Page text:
Image by Ekaterina Shakharova


Loneliness through our life stages

Loneliness is something that we can all experience, regardless of life circumstances and backgrounds. However it’s important to know there are also key life indicators or certain events that happen during our lives that can leave us feeling lonely.

Loneliness is completely normal. Others will be feeling exactly the same as us and it’s helpful to think of loneliness as a part of life, so you can plan and anticipate ahead of time and have strategies and support in place. 


This isn’t to say that everyone will experience loneliness and different things will work for different people, but it’s about taking control of your life and thinking about what could help you. Even if you aren’t experiencing loneliness yourself, having an awareness of these key life indicators can help us be more perceptive as to when others might be lonely. Of course, key life indicators aren’t set in stone and people may experience different things at different times, but it’s helpful to have a bigger picture of when loneliness might happen and to whom.


























Up to 20yrs old: Key life indicators

Starting nursery, school and college, parents divorce, exam pressure, bullying, friendship pressure, technological loneliness, moving home or to a new area, leaving home.

Age 20-40: Key life indicators

Going to university, starting a new job, moving away from family and childhood friends, starting in a new place, new parent loneliness, workplace loneliness, loss of social life, relationship breakdown or lack of relationship.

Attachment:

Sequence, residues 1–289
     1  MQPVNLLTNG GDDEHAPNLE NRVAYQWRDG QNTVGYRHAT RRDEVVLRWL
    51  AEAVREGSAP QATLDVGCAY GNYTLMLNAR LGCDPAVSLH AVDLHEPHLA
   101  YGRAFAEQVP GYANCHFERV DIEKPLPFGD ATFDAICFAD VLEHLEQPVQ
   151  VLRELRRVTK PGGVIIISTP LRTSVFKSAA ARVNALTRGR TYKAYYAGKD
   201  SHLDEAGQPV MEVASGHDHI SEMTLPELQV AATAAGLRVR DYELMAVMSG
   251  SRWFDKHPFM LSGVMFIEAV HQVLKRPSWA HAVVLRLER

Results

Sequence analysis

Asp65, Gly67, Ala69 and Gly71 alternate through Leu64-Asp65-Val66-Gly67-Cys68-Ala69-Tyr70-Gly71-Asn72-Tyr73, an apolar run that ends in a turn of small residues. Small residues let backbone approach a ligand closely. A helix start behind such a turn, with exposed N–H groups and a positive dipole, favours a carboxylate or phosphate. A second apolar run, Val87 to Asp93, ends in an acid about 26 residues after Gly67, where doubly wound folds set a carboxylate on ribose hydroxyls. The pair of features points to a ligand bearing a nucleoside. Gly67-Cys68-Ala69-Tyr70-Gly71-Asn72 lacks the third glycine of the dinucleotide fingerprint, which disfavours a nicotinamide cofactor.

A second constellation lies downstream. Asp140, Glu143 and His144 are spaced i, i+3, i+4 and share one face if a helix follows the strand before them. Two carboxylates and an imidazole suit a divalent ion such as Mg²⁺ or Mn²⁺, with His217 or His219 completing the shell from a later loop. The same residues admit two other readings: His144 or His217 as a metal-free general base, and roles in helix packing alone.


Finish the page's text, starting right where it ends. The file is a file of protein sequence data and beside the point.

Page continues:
Age 40-60: Key life indicators

Heavy family responsibilities caring for children and/or aging parents, children leaving home, financial hardships, loss of social life, lack of time to put self first, divorce or relationship breakdown, uneven work/life balance, unemployment, loss of family life, health conditions, not feeling part of a culture or community, digital exclusion


Age 60-80: Key life indicators


Retirement which can lead to occupational deprivation, lack of purpose or direction, bereavement and loss of friends, loss of independence, health conditions and loss of mobility.

Age 80+


Bereavement, diminishing social/community networks, health and mobility conditions, digital exclusion

What if I’ve felt lonely all my life, regardless of age?


If you’ve always felt a disconnection from others or an internal loneliness, no matter what or who is in your life, it could be worth pursuing with a trained therapist or counsellor. It’s very common for adverse early life experiences (where we didn’t receive appropriate love, support or have a sense of belonging for whatever reason), to have a lasting effect. Our mental health can also affect us at any age, so it’s important to talk about how we feel with those close to us, and get the right signposting and support.

About our loneliness guides

At Marmalade Trust, we're encouraging people to see loneliness as an experience, not as a condition. It doesn't define us. By building a greater awareness and acceptance of loneliness, we can help ourselves and others to manage the feeling.